Borage battles with evening primrose

THE EVENING primrose is a handsome yellow flower with large petals and a pretty name. Borage is a big, rough, hairy herb and less charismatic. Looks, however, are not everything - especially in the world of alternative medicine.

In the 1970s, David Horrobin gave up his job as professor of medicine at Montreal University to introduce the world to the evening primrose. Thousands of women suffering menstrual tension now swear by his oil, and the restorative powers of the gamma-linolenic acid (GLA) it contains. Then came borago officinalis.

Most people use borage for flavouring fruit cocktails or stews. But it is more than twice as rich in GLA as the evening primrose. If it's GLA you're after, borage oil could be your tipple.

Dr Horrobin has responded by accusing rivals promoting it of duping women, selling pigs in pokes and marketing 'unstable and potentially toxic products'. His competitors - Roche Products and Seven Seas - say he is scaremongering and 'mud-slinging' to prop up an ailing business.

Sales of evening primrose oil in the UK are booming, up from pounds 17m in 1991 to pounds 36m last year. The world market is worth pounds 200m. Scotia Pharmaceuticals, which was founded by Dr Horrobin and sells Efamol, once having the market to itself, has seen its share shrink to about a quarter. Borage oil - advertised as 'nature's richest source of GLA' - is partly to blame.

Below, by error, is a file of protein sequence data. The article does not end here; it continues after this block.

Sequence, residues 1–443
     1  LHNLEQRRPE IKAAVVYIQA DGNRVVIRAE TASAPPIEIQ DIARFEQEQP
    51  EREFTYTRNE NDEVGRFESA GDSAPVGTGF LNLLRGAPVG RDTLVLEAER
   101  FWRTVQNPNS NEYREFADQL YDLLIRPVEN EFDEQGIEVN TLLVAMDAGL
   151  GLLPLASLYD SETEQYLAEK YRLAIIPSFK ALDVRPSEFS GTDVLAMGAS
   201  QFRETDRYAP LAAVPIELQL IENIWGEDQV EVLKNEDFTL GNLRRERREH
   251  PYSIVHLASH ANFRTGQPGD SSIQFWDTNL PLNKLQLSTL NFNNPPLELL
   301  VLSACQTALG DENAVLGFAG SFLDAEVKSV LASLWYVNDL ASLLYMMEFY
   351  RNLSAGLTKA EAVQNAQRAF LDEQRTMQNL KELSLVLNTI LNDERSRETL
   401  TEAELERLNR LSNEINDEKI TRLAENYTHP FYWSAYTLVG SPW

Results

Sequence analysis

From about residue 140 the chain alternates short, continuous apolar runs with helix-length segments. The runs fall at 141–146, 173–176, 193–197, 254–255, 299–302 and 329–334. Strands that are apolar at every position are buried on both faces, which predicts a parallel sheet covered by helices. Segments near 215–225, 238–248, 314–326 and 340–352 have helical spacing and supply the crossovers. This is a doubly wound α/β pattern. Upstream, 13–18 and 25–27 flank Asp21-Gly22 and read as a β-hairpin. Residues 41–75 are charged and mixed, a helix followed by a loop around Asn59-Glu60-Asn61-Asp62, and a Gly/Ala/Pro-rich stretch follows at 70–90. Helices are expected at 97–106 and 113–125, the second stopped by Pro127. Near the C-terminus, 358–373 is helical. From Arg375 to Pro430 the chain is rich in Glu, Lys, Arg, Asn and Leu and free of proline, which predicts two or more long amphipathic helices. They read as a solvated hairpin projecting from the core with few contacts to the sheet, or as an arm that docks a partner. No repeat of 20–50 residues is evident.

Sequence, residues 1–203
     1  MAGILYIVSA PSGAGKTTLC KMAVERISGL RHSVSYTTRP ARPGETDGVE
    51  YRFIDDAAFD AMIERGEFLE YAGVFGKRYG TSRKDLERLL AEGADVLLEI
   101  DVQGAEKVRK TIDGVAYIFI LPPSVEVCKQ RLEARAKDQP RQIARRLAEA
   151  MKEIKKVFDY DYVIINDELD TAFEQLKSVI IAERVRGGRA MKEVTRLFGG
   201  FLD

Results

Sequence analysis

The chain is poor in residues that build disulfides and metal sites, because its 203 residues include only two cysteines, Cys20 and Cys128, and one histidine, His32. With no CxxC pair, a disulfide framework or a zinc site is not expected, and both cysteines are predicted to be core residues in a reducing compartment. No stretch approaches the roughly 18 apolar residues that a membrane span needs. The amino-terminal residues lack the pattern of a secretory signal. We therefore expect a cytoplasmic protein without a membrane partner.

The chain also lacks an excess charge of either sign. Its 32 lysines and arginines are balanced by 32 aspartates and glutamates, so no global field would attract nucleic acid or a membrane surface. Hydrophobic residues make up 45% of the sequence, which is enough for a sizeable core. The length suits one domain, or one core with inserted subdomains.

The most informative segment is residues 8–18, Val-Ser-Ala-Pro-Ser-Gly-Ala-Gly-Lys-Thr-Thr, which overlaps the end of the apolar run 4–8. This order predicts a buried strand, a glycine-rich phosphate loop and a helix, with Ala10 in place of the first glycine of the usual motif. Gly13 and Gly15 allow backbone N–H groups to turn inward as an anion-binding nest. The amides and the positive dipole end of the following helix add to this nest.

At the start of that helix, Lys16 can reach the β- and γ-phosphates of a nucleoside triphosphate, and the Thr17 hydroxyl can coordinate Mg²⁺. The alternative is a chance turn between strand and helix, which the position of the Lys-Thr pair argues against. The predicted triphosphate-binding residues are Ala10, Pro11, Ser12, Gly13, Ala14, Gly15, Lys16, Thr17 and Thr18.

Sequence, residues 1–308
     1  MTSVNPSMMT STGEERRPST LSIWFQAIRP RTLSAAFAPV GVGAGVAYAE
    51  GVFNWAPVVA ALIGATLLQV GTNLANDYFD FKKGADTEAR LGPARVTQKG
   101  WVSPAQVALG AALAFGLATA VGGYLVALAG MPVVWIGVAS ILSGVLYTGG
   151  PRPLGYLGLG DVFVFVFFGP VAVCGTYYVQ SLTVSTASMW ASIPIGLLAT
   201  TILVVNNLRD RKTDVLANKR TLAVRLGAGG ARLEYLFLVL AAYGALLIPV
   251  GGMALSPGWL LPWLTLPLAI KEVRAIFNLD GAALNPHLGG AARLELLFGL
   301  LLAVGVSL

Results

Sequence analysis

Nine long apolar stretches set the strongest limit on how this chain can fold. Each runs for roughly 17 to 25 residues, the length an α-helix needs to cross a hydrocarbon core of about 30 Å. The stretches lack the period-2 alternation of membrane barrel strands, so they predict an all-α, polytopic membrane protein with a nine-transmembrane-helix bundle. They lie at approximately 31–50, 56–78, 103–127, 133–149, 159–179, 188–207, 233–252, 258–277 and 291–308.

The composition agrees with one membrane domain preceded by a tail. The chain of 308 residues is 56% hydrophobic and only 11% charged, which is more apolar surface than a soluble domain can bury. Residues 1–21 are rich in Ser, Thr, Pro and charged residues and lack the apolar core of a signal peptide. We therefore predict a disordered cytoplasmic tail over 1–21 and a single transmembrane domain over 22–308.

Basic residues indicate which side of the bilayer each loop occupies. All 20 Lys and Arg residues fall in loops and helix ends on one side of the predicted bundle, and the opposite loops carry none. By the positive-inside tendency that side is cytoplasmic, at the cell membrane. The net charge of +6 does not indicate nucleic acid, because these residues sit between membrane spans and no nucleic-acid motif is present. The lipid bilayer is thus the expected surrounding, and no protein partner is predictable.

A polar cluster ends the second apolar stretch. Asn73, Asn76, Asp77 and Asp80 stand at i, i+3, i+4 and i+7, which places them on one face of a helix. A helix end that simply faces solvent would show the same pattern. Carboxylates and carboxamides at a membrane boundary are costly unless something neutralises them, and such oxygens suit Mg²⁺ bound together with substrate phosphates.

GLA is a fatty acid which some people's bodies are less efficient at producing. There is evidence - disputed - that it may help to alleviate pre-menstrual breast pain and some forms of eczema. What is not disputed is that borage oil contains 25 per cent GLA and evening primrose about 10 per cent. This makes it about 15- 30 per cent cheaper.

Dr Horrobin claims it has been inadequately tested, has the wrong biochemical balance and 'far from being desirable, might actually be dangerous'.

Bent Henriksen, managing director of Pharma Nord, which produces borage-based supplements, said: 'Everybody in the industry thinks he is panicking.'

The industry fears the controversy could damaging the whole market. Its critics hope it will. Dr Thurstan Brewin, chairman of HealthWatch, which monitors alternative medicine, said last week: 'You get thousands of people swearing by something, and everyone thinks there must be something in it, but they are absolutely wrong. It's a psychological effect.'

(Photographs omitted)